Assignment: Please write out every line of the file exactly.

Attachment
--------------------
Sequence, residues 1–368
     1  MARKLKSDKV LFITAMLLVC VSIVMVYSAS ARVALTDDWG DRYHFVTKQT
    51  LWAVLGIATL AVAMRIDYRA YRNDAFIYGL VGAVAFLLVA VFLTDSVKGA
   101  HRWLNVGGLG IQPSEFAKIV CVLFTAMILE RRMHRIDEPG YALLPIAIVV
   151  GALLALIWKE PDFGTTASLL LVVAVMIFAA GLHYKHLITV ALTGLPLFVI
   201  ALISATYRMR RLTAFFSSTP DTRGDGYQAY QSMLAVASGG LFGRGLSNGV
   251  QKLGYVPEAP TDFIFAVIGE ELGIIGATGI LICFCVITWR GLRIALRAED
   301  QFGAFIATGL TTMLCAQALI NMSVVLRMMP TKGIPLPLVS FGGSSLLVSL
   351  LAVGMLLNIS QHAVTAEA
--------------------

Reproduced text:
Sequence, residues 1–368
     1  MARKLKSDKV LFITAMLLVC VSIVMVYSAS ARVALTDDWG DRYHFVTKQT
    51  LWAVLGIATL AVAMRIDYRA YRNDAFIYGL VGAVAFLLVA VFLTDSVKGA
   101  HRWLNVGGLG IQPSEFAKIV CVLFTAMILE RRMHRIDEPG YALLPIAIVV
   151  GALLALIWKE PDFGTTASLL LVVAVMIFAA GLHYKHLITV ALTGLPLFVI
   201  ALISATYRMR RLTAFFSSTP DTRGDGYQAY QSMLAVASGG LFGRGLSNGV
   251  QKLGYVPEAP TDFIFAVIGE ELGIIGATGI LICFCVITWR GLRIALRAED
   301  QFGAFIATGL TTMLCAQALI NMSVVLRMMP TKGIPLPLVS FGGSSLLVSL
   351  LAVGMLLNIS QHAVTAEA